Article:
As the world gears up for the climate talks in Copenhagen next month, the mainstream media is overlooking one important climate change contributor, and it isn't coal or cars.
Three years ago, the Food and Agricultural Organization of the United Nations released a lengthy report entitled "Livestock's Long Shadow." Among the plethora of environmental problems the livestock industry is accused of contributing to — water pollution, habit fragmentation and desertification of arable land among them — climate change figured prominently.
In particular, the report concluded that livestock production accounts for 18%, or one-fifth, of global emissions. This figure is higher than all transportation sources combined.
In coming up with this figure, the FAO considered the full life cycle of livestock production. It didn't only calculate enteric emissions, the methane and nitrous oxide from the belching, flatulence and defecation of the animals that has made the topic the butt of jokes by both pundits and the public. It also figured in external carbon emissions that occur in livestock production. This included on-farm energy use, the transportation of livestock feed, waste and goods, and tropical deforestation. The latter is the most notorious factor, as at least 70 percent of Amazon clear cutting is due to producing makeshift pasture for cattle grazing or to grow soy to be shipped overseas to confinement feedlots. Deforestation of the Amazon contributes to approximately 22 percent of annual emissions.
Does this sound familiar? It would make sense if it didn't to people who rely on the mainstream media for news.
Last year, the Center for a Livable Future of the Johns Hopkins Bloomberg School of Public Health released a report detailing the results of a two and a half year study of media coverage of agriculture in the context of climate change. The study reviewed 16 major daily newspapers in the United States, including The New York Times, The Washington Post and USA Today. Specifically, the researchers searched for the key words "food," "farm" or "agriculture" in any articles that contained the terms "climate change" or "global warming" in their lead paragraphs.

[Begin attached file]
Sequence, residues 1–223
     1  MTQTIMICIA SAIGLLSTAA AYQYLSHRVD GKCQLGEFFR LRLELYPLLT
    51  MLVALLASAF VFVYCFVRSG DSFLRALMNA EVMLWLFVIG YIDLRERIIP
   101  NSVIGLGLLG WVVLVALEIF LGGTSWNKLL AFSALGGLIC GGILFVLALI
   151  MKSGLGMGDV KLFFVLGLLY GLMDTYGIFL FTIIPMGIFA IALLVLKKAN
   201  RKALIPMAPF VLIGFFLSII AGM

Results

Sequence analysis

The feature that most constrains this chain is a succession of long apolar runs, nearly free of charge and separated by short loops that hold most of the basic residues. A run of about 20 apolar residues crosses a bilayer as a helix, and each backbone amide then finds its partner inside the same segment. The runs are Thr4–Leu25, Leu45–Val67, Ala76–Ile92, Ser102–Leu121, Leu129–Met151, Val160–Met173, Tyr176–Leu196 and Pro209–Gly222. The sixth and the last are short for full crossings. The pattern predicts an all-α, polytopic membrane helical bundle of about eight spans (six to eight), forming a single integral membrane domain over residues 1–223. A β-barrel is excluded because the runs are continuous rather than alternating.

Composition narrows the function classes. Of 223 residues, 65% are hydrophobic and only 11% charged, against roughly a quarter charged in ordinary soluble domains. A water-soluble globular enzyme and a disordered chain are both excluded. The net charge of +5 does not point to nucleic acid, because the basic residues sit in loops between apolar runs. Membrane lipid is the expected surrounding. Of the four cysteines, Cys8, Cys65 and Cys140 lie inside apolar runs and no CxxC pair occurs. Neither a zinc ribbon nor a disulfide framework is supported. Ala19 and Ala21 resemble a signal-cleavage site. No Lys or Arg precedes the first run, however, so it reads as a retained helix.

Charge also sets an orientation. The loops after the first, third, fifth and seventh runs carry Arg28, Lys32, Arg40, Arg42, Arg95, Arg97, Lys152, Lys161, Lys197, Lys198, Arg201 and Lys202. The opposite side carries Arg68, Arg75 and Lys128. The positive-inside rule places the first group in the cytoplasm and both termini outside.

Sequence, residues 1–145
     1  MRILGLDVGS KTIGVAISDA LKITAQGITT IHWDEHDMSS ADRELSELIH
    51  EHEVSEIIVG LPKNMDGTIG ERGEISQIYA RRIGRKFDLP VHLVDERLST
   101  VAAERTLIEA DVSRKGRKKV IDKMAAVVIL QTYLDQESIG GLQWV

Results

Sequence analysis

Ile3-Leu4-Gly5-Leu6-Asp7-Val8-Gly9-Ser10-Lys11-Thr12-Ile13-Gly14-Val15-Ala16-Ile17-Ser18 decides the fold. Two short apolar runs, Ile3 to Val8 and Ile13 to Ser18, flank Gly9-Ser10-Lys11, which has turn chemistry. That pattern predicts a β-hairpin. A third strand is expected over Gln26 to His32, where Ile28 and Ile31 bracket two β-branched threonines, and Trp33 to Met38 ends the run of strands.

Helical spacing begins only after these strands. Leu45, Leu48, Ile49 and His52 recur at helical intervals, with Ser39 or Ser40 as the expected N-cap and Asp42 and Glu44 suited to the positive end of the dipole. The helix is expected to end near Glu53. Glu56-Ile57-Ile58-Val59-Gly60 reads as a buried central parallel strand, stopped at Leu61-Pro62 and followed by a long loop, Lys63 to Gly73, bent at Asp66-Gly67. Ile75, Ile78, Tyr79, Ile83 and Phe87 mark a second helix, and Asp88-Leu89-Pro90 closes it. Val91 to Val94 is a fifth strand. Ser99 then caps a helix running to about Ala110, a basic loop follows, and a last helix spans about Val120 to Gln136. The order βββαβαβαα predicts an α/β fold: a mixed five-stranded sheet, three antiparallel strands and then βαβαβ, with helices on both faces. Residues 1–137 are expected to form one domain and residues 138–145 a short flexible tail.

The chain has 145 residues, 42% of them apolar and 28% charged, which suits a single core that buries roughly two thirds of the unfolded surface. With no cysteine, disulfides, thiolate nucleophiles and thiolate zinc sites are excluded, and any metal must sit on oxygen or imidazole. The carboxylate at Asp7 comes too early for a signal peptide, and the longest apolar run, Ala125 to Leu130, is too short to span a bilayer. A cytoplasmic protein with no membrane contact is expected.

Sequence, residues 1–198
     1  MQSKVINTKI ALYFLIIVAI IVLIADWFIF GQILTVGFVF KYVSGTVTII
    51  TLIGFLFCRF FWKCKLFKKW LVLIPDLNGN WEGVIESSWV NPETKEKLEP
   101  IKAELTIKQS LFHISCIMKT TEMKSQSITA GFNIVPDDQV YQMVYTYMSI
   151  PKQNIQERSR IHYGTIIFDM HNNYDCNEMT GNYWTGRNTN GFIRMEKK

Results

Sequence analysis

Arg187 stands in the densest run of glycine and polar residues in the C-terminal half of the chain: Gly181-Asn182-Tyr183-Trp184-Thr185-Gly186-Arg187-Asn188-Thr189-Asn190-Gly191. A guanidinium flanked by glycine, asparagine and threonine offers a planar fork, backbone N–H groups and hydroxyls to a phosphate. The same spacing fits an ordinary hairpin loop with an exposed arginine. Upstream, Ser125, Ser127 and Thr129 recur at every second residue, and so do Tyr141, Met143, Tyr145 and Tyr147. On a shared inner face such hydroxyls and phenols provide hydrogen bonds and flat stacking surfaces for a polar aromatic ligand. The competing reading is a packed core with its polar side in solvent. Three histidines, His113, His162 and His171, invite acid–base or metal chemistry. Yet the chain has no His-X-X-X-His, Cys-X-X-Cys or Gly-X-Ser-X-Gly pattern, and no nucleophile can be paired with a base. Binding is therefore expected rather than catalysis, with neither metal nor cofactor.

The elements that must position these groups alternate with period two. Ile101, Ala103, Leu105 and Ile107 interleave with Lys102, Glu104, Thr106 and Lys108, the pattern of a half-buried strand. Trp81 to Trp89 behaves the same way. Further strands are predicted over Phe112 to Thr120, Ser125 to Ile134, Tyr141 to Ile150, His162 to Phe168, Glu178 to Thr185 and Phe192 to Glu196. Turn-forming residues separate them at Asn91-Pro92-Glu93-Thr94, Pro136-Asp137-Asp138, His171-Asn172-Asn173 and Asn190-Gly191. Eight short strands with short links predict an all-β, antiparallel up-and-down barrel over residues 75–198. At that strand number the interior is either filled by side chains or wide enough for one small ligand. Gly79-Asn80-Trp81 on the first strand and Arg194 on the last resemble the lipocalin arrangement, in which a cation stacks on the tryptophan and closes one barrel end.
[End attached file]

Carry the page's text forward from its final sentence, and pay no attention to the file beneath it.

Of the 4,582 climate change articles surveyed, only 109 (or 2.4 percent), included one or more of the key phrases, with only 20 of those articles explicitly focused on the subject of food or agriculture as related to climate change. The remainder of the 109 articles contained only brief mentions, and only 13 percent containing any mention of "livestock."
Roni Neff, the Research and Policy Director of the Center for a Livable Future and the lead author of the study, says she has noticed a slight uptick in reporting on agriculture's role in climate change since the report was published but only slight.
This leads to the question: Why has such an important contributor to climate change received such paltry coverage?
Neff, notes that diet is generally considered a more personal aspect of behavior as opposed to others such as driving habits. This makes it a challenge in prompting media professionals to tackle the topic.
"The fact is that we as a society tend to view it as strictly an individual choice with no bearing on how it affects larger society, and how larger social forces affect our eating, and so it's not considered newsworthy," says Neff.
Neff also contends that media oversight of this topic may be partially due to what she deems "CO2 bias" among journalists. Since awareness of the significance of the food's influence on climate occurred in the scientific community later in comparison to other factors, the topic may be undergoing a lag time before the media catches on as it did with climate change in general.
The JHU reported cited the popularity of the climate change documentary, "An Inconvenient Truth," during the period of the study. Though it is responsible for catapulting climate awareness into the mainstream, it makes no mention of agriculture and focuses almost exclusively on carbon dioxide.
CO2 bias is apparent even in coverage that does exist on the correlation between agriculture and climate change, as the general public seems most familiar with carbon emissions related to what has been termed "food miles."